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Follow the manufacturer's instructions for instrument calibration and record calibration readings and adjustments in the instrument log book.

arrow Calibration of turbidity instruments against a Formazin or other approved primary standard usually is done in the laboratory, with instrument checks performed in the field. Use standards that bracket the range of turbidity anticipated in environmental samples, if possible.

arrow For instruments that are factory calibrated in standard turbidity units, the calibration procedure checks the accuracy of calibration scales provided by the manufacturer.

arrow Periodically check the accuracy and precision of your instrument against that of another instrument.

arrow Consult the manufacturer if the precision of your instrument deviates 5 percent or more from the manufacturer's specifications.

The USEPA specifies that the turbidimeter must be calibrated with a primary standard (a Formazin or a styrene divinylbenzine polymer standard such as Amco AEPA-1 PolymerTM) (U.S. Environmental Protection Agency, 1994). A solid scattering standard provided by the manufacturer for setting overall instrument sensitivity for all ranges should not be relied on unless the turbidimeter is demonstrated to be free of drift on all ranges (U.S. Environmental Protection Agency, 1979).

Temperature changes affect Formazin turbidity standards and the performance of the turbidity instrument.

arrow Turbidity instruments are not currently available with an automatic temperature-compensating function.

arrow Standards and instruments should be at the same and constant temperature during calibration to achieve stable and accurate results.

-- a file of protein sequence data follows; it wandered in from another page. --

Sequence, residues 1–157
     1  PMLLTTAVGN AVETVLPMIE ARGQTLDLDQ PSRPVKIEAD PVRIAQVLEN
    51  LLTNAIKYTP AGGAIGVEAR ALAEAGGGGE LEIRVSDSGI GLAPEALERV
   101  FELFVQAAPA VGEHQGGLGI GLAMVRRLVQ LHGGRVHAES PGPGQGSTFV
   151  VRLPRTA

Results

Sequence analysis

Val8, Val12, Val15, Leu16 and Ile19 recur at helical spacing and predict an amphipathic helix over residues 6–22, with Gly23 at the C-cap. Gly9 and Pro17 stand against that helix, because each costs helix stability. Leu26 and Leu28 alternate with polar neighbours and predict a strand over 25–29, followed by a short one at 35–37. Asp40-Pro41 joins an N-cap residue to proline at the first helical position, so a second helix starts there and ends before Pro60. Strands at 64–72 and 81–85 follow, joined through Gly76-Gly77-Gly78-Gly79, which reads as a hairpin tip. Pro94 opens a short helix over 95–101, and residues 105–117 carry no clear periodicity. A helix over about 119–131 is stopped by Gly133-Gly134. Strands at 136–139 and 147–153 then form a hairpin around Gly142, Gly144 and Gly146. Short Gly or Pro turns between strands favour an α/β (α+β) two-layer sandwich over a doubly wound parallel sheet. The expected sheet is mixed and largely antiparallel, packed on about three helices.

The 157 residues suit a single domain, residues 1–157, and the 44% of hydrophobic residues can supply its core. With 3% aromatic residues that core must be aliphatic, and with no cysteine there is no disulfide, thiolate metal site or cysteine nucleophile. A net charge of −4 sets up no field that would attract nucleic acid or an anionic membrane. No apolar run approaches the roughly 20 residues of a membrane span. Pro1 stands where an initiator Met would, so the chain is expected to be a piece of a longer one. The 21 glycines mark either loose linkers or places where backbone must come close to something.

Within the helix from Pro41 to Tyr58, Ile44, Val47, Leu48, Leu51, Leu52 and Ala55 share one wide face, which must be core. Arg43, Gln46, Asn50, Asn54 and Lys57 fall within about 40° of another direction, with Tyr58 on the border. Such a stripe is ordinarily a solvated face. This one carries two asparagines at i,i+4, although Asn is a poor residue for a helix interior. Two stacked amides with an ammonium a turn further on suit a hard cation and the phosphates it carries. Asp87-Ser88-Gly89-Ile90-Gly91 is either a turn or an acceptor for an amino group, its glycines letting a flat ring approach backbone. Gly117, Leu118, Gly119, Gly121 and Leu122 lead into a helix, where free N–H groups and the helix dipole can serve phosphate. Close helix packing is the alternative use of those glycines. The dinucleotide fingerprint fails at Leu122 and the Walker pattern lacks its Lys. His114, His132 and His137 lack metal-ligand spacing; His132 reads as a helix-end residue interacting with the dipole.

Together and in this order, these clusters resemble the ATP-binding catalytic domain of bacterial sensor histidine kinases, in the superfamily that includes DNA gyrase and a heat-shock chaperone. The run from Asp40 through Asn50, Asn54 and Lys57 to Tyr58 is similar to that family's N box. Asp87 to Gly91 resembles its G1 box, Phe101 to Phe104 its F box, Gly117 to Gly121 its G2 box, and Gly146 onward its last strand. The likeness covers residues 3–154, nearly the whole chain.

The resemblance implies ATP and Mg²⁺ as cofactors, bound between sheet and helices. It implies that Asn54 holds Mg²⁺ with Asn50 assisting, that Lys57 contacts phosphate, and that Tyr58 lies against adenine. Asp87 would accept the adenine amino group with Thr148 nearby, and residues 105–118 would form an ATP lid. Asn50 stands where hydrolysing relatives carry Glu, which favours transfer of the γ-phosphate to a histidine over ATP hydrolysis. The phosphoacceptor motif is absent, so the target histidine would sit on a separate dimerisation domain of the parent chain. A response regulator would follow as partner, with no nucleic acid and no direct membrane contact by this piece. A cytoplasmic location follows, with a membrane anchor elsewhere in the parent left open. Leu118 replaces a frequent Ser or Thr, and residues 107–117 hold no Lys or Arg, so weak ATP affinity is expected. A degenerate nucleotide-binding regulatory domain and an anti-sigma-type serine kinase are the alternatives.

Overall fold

arrow To avoid the effects of thermal fluctuations on the calibration, perform the Formazin calibration and calibration of the secondary standard (for example, GelexTM) against the primary standard in the office laboratory at room temperature instead of at the field site. At the field site, check instrument calibration using a secondary standard.

Preparation of the stock turbidity suspension and standard dilutions

Prepare the stock turbidity suspension monthly and standard dilutions on the day of instrument calibration. To prepare and dilute a 400 NTU Formazin stock suspension4:

  1. Dissolve 1.000 g hydrazine sulfate [(NH2)2 • H2SO4] in filtered water and dilute to 100 mL in a volumetric flask.

  2. Dissolve 10.00 g hexamethylenetetramine [(CH2)6N4] in filtered water and dilute to 100 mL in a volumetric flask.

  3. Mix 5.0 mL of hydrazine sulfate and 5.0 mL of hexamethylenetetramine solutions in a 100-mL volumetric flask and let stand 24 hours at 25 ± 3°C; dilute to the mark and mix. To prepare 500 mL of 400 NTU standard, mix 25 mL of the reagent solutions in a 500-mL flask, dilute to the mark, and mix.

  4. For a 40 NTU standard, dilute 10.00 mL of the 400 NTU stock suspension to 100 mL with turbidity-free water (sample or deionized water passed through a filter media of 0.2 µm).


The calibration instructions and procedures that follow are general and should be modified to apply to the instrument being used--check manufacturer's instructions:

  1. Prepare Formazin suspensions as described above.

  2. Switch the turbidimeter on and allow it to warm up. Put on disposable gloves.

  3. Check instrument focus: insert template in the cell holder. The lamp image should just fill the inside circle. Adjustment is required if the image is off center, too large, or too small.

  4. Field rinse a clean, dry, scratch-free, index-marked cell with the highest concentration of the standard for the instrument range setting or range of interest.

    1. Hold the sample cell by the rim (top lip), not beneath the lip.

    2. Pour standard into the sample cell to the fill mark.

    3. Wipe the exterior of the cell using a soft, lint-free cloth or tissue to remove moisture (condensation) on cell walls.

    4. Apply a thin layer of silicon oil (table 6.7-1) onto the exterior of the cell to reduce condensation on the cell and mask slight scratches and nicks. Apply silicon oil uniformly onto the blank cell if it will be used on the cell filled with standard (check manufacturer's recommendations).